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Friday | October 30, 2020
NZXT Tempest Case

NZXT Tempest Case

Installation and Testing

Test System:
AMD Athlon 64 X2 4400+, Stock
ASUS A8N SLi Deluxe, Stock
eVGA Nvidia 8800 GTS 320MB @ 600mhz core 1750mhz memory
2GB Corsair XMS 3200XLPRO (4 x 512mb)
Akasa AK-P085FG 850W PSU
Creative Audigy SE
Western Digital 250gb HDD
Maxtor 120GB IDE HDD

Installing the system into the chassis is straightforward. A sticker inside the case details the necessary standoff positions to use depending on which form factor your motherboard is.  The case supports many form factors including E-ATX, which allows for comfortable installation of newer, mammoth-sized video cards and multi-card setups.

The ATX board used for testing installed without a hitch.  Our Nvidia 8800GTS fits perfectly, with a surprising amount of space remaining for cable routing.  The hard drives have plenty of breathing room as well.  External SATA and USB connector cables, fan cables, and the power and reset connectors are all quite long, giving plenty of slack. 

The power supply used during our testing is rather large.  The cables are very thick and sheathed in nylon, making them rigid, this makes it difficult to route them behind the motherboard tray, as there isn’t quite enough clearance.  However, due to the abundant space available in the case, it is easy to route cables away from the core components and fans to allow for proper airflow.  We found mounting the PSU at the bottom to be an improvement over the traditional top mounted design, this design allows for easier access to the motherboard rear access panel by moving it to the top of the case.  This benefit is especially evident when trying to attach and remove various USB devices, network cables, monitors, etc. in tight spaces. 

Thermal Performance:

This is an important test for this particular case.  With the Tempest, NZXT has made a bold claim that they have made the “Airflow King”.  To test thermal performance, Everest Ultimate was used to measure temperature levels while the system was running idle. We also used the Everest CPU stress test utility; the artifact scanning utility of ATITool and the in-game benchmark of Lost Planet.  To up the ante a bit, we overclocked the GPU core by 87mhz and the memory by 166mhz, to show how the case could handle the additional heat generated by the 8800GTS.  The Lost Planet benchmark was used as a way to stress test the entire system in a real world gaming environment.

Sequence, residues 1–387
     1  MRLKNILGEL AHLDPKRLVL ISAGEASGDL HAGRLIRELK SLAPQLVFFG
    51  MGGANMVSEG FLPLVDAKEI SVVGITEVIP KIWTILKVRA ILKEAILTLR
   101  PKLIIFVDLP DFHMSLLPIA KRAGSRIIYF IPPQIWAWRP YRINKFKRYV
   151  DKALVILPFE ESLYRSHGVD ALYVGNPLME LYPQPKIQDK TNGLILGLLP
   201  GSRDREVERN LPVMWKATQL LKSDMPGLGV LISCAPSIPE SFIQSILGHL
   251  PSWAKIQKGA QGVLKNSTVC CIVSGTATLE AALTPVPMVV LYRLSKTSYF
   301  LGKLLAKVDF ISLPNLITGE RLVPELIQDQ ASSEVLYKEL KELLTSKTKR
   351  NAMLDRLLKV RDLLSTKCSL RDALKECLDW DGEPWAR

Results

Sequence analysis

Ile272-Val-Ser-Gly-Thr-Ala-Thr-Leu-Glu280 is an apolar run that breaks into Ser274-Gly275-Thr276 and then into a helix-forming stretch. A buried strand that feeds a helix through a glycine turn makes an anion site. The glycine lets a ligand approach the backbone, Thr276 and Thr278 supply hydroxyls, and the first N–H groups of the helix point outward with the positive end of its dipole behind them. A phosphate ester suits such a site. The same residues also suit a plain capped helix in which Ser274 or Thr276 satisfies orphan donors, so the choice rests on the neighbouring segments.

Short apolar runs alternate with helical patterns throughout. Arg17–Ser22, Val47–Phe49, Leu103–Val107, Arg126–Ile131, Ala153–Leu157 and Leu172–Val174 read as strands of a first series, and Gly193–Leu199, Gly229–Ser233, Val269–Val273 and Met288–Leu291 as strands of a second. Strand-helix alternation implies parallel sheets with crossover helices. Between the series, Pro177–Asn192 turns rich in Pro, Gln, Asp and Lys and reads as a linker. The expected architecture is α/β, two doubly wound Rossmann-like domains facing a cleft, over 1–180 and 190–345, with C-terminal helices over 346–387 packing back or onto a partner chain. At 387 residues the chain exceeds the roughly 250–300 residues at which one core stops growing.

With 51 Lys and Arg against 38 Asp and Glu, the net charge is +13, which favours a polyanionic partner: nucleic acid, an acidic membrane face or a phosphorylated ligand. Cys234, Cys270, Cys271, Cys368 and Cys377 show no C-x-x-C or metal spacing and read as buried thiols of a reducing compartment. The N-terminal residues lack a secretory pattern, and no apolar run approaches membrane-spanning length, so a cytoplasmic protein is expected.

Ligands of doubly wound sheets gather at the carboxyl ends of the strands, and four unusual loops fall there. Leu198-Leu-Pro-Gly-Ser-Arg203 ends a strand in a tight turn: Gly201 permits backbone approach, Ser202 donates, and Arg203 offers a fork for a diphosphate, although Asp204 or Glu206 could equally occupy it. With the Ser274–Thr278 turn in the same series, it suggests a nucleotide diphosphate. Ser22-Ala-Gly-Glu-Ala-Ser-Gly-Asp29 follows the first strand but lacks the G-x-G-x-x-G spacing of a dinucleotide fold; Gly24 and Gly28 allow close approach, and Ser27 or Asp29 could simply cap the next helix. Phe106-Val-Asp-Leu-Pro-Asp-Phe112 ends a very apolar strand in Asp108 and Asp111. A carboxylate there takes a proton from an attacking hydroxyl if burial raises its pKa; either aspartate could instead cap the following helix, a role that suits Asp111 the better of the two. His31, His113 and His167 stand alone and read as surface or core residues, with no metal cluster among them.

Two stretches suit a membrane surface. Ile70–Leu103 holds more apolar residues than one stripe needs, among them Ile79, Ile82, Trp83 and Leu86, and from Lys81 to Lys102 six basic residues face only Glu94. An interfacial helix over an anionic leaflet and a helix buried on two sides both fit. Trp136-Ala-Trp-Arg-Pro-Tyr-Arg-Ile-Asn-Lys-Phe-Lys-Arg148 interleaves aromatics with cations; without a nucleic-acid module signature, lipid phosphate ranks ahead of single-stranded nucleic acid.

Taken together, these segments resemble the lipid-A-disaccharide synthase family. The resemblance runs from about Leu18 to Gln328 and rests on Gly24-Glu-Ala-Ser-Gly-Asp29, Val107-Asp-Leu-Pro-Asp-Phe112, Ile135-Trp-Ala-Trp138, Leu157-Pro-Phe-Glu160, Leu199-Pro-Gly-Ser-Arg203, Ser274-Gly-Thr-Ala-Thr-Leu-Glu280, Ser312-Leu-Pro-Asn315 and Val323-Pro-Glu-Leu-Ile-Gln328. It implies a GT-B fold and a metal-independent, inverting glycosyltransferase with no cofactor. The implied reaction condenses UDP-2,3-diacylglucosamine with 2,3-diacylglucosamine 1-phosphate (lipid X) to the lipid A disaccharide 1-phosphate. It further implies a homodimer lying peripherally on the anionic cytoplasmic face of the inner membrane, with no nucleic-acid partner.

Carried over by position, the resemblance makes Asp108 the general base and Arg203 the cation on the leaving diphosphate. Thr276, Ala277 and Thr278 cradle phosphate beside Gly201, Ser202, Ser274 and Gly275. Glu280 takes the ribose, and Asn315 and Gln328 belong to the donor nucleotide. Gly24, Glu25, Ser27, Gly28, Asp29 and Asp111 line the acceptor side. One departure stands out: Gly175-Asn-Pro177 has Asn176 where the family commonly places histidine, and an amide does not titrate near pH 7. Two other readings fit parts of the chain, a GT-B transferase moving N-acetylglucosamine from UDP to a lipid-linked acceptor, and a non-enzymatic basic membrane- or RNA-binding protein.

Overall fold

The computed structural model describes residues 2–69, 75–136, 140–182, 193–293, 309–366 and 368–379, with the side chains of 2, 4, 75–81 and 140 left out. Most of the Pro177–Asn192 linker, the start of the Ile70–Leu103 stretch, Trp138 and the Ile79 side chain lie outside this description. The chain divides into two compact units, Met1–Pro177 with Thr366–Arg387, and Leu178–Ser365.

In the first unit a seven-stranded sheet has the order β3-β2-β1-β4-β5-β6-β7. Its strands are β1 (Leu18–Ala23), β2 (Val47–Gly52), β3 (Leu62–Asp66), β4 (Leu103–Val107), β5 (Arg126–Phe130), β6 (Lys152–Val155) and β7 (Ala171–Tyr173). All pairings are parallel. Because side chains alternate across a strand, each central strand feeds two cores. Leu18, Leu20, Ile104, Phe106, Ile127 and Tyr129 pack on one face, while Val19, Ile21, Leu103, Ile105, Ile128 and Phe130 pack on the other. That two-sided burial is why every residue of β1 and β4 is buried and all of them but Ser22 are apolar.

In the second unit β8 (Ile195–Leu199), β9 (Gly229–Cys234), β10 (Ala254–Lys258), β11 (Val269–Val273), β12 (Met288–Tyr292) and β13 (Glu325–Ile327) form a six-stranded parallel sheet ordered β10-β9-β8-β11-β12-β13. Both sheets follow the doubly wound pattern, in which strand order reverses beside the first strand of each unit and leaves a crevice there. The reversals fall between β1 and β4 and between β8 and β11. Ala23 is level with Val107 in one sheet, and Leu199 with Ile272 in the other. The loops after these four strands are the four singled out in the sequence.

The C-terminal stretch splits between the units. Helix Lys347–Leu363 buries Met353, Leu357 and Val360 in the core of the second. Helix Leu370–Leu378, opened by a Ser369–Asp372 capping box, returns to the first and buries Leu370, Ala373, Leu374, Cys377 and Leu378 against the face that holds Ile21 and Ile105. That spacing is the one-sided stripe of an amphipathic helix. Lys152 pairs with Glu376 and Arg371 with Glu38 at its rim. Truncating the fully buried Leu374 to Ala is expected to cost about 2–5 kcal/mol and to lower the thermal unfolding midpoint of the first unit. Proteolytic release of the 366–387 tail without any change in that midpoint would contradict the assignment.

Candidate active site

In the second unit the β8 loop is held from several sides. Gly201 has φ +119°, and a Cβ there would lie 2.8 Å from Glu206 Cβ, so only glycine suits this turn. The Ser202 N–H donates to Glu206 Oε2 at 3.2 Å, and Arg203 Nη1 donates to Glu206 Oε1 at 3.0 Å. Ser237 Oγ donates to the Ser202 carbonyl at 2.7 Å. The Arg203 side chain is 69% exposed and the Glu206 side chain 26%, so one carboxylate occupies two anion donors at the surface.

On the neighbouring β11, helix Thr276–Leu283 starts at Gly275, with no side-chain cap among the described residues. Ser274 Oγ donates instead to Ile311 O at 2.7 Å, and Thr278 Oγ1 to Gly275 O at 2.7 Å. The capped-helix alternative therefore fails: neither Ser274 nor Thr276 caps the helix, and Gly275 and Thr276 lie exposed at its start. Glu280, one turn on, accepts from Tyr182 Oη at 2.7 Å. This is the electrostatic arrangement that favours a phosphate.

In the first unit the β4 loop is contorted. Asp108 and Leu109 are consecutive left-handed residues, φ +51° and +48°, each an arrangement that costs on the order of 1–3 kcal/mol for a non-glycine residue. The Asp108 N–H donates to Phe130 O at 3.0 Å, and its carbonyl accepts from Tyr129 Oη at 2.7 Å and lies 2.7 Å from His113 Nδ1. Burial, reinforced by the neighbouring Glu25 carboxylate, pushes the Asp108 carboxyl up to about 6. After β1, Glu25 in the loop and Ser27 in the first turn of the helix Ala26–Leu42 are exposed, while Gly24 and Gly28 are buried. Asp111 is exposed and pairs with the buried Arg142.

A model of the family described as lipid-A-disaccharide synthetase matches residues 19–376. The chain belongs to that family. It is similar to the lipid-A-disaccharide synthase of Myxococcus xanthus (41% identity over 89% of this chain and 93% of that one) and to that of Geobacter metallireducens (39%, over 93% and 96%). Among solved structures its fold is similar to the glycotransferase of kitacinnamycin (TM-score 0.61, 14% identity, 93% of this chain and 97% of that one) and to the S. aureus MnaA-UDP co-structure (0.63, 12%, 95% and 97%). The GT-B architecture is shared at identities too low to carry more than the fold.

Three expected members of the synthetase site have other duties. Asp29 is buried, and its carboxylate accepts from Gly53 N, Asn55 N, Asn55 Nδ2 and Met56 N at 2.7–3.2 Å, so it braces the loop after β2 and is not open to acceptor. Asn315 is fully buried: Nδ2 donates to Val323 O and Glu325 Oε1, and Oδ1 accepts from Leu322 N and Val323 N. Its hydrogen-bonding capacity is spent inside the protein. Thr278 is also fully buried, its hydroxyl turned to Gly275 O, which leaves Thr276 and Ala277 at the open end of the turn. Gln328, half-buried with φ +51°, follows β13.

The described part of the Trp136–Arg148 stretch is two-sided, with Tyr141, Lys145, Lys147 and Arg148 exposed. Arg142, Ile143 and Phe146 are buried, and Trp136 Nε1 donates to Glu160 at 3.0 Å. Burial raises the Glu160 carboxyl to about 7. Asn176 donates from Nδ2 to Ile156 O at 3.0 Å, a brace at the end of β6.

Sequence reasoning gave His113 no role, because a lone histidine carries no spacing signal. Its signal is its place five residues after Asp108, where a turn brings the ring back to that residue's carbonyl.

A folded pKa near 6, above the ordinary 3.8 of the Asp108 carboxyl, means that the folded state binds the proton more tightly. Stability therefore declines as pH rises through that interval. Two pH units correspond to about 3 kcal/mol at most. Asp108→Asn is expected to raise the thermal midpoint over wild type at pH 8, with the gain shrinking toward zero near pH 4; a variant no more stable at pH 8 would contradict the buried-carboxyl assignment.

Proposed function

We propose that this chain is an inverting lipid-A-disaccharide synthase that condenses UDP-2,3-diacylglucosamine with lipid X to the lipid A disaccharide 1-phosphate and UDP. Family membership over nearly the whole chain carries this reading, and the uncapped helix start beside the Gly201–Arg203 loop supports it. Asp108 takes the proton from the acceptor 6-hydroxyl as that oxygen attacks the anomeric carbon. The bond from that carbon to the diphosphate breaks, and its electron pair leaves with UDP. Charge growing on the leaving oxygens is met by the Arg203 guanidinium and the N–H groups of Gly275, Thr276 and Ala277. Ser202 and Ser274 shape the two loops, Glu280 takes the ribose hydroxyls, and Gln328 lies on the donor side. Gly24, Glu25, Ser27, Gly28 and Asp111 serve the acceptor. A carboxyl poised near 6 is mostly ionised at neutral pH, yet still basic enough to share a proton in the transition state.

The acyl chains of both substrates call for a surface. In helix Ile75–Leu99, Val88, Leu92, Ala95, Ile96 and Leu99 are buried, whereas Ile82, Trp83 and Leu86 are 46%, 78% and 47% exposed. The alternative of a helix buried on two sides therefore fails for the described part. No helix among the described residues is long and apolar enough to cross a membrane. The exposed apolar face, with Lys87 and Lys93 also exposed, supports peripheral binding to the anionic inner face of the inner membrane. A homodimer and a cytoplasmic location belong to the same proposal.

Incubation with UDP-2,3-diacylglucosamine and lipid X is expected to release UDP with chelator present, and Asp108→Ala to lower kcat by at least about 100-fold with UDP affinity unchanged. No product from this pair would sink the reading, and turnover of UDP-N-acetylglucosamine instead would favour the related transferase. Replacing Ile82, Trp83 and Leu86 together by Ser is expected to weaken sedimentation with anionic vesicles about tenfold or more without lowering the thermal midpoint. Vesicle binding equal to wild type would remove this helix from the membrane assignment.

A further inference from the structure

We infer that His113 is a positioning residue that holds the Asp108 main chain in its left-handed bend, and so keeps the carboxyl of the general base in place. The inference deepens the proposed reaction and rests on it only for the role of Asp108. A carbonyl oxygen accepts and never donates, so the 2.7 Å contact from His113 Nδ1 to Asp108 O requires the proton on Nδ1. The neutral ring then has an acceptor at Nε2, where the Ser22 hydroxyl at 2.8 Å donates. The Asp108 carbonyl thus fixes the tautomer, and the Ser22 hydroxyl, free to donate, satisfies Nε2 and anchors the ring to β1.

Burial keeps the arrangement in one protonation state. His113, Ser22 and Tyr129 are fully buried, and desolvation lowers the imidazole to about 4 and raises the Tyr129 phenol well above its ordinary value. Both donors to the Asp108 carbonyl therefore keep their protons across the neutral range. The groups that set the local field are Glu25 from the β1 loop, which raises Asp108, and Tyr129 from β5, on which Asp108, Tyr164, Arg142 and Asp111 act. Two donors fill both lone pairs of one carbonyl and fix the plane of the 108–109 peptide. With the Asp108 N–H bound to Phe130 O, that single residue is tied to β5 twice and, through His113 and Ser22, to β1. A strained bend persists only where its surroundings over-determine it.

All tests were run in 10 minute intervals, at which time temperature readings were recorded.  All temperatures are in degrees Celsius. The ambient temperature of the testing room was 20.5° C.  A breakdown of our results is as follows:

  Idle Cpu Test
~ Everest
GPU Test
~ ATITool
Gaming Test
~ Lost Planet
Motherboard 28c 30c 31c 31c
29c (31/29) 44c (46/46) 41c (42/42) 43c (42/41)
GPU 51c 51c 70c 66c
Sata HDD 29c 30c 35c 31c
IDE HDD 18c 20c 21c 21c

Our results do seem to verify NZXT’s claim; the case performed very well.  The motherboard managed to stay within 3°C of the idle temperature, no small feat considering this particular board is not known for having the best cooling solution.  Most surprising were the GPU figures. The card never topped 70°, even when the entire system was under stress.


While the thermal performance is impressive, it does come at a price.  With the six case fans running, and the openness created by the mesh panels, this case can generate considerable noise.  While I wouldn’t say it’s unbearable, it is quite noticeable.  A particular annoyance was that the meshing of the top rear exhaust fan rattled unpredictably, requiring a tap to the middle of the fan to get things back in order.  With the case placed by the side of the desk, the sound dissipated, but is still evident.

About Author

Stuart Davidson

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